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Discussion in 'Gear & Equipment Discussion' started by HEAVY GRAPPLER, Oct 1, 2013.

  1. HEAVY GRAPPLER

    HEAVY GRAPPLER Brown Belt

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    Howdy f16!

    I am moving into a new home and it has room for a basement gym! I am thrilled about this as you can imagine. I've been waiting a long time and could use some advice from anyone who has done this before.

    The space is 10' X20'. I only have about 8' of clearance. I reckon it is still good enough for BJJ, for teaching my kids, drilling with a friend and some rolling maybe.

    Does that seem big enough to you?

    I am also looking for ideas about mat configuration, subflooring, etc.

    I have a line on some tatamis. Let's say I can get 10 in like-new condition for under $1K and that it's within my budget. The most I can get in that space is 9, in a configuration that is 18' X 9'.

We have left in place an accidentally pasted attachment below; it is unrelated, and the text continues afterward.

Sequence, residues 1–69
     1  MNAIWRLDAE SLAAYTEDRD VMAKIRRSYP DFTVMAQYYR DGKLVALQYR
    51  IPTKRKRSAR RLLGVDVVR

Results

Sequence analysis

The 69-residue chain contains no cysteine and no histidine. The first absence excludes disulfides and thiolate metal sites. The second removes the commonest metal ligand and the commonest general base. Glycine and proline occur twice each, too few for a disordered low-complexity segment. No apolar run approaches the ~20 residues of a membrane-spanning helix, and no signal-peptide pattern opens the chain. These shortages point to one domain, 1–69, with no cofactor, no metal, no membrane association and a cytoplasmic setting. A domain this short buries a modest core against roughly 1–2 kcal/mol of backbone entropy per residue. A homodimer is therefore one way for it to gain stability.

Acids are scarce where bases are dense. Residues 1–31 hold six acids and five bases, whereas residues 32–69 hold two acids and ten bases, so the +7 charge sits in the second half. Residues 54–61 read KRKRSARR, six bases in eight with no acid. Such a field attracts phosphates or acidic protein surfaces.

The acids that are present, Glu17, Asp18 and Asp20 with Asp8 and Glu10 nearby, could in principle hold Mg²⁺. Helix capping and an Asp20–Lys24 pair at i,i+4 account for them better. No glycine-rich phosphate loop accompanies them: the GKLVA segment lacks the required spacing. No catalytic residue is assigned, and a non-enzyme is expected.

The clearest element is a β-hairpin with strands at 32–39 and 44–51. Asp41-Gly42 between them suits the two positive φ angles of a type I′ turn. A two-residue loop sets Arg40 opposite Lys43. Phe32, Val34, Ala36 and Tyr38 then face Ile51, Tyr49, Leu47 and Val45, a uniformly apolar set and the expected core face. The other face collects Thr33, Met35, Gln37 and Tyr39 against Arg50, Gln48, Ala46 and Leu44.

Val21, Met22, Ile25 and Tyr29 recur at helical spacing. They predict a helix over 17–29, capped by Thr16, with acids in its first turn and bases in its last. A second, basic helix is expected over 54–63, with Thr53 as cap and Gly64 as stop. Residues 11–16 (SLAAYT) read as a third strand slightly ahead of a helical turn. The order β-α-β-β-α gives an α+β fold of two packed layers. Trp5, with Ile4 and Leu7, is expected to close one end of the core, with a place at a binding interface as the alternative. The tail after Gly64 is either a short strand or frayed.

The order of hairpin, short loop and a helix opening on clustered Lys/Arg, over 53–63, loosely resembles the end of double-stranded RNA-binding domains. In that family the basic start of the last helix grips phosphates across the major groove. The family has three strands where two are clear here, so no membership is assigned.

One thing I am concerned about is water and condensation. The basement is supposed to be dry, but in Nova Scotia there is almost no such thing as a dry basement and this is a 100 year old house.

    I was thinking of making a plywood subfloor on cubes of foam. I have seen videos online. I reckon this is easy to clean if need be and the cubes and subfloor will keep the mats up off any water on the floor.

    Anyone have experience with this?
     
  2. nomilkforsanta

    nomilkforsanta Nathan

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    I would think about leaving an exposed boarder around the mats/subfloor so it could dry out and have good air flow. Or possibly drill holes in the sub floor and remove a few mats after training...If you are thinking about wall pads take them down each night and dry everything off after each session.

    When you order the mats, make sure you get the current generation with the welded bottoms.

    On a side note, how big is Buck 65 in Nova Soctia?
     
  3. HEAVY GRAPPLER

    HEAVY GRAPPLER Brown Belt

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    Good ideas. I don't think it's going to be so wet that I have to dry things out each week. I more just wanted something that could flip up.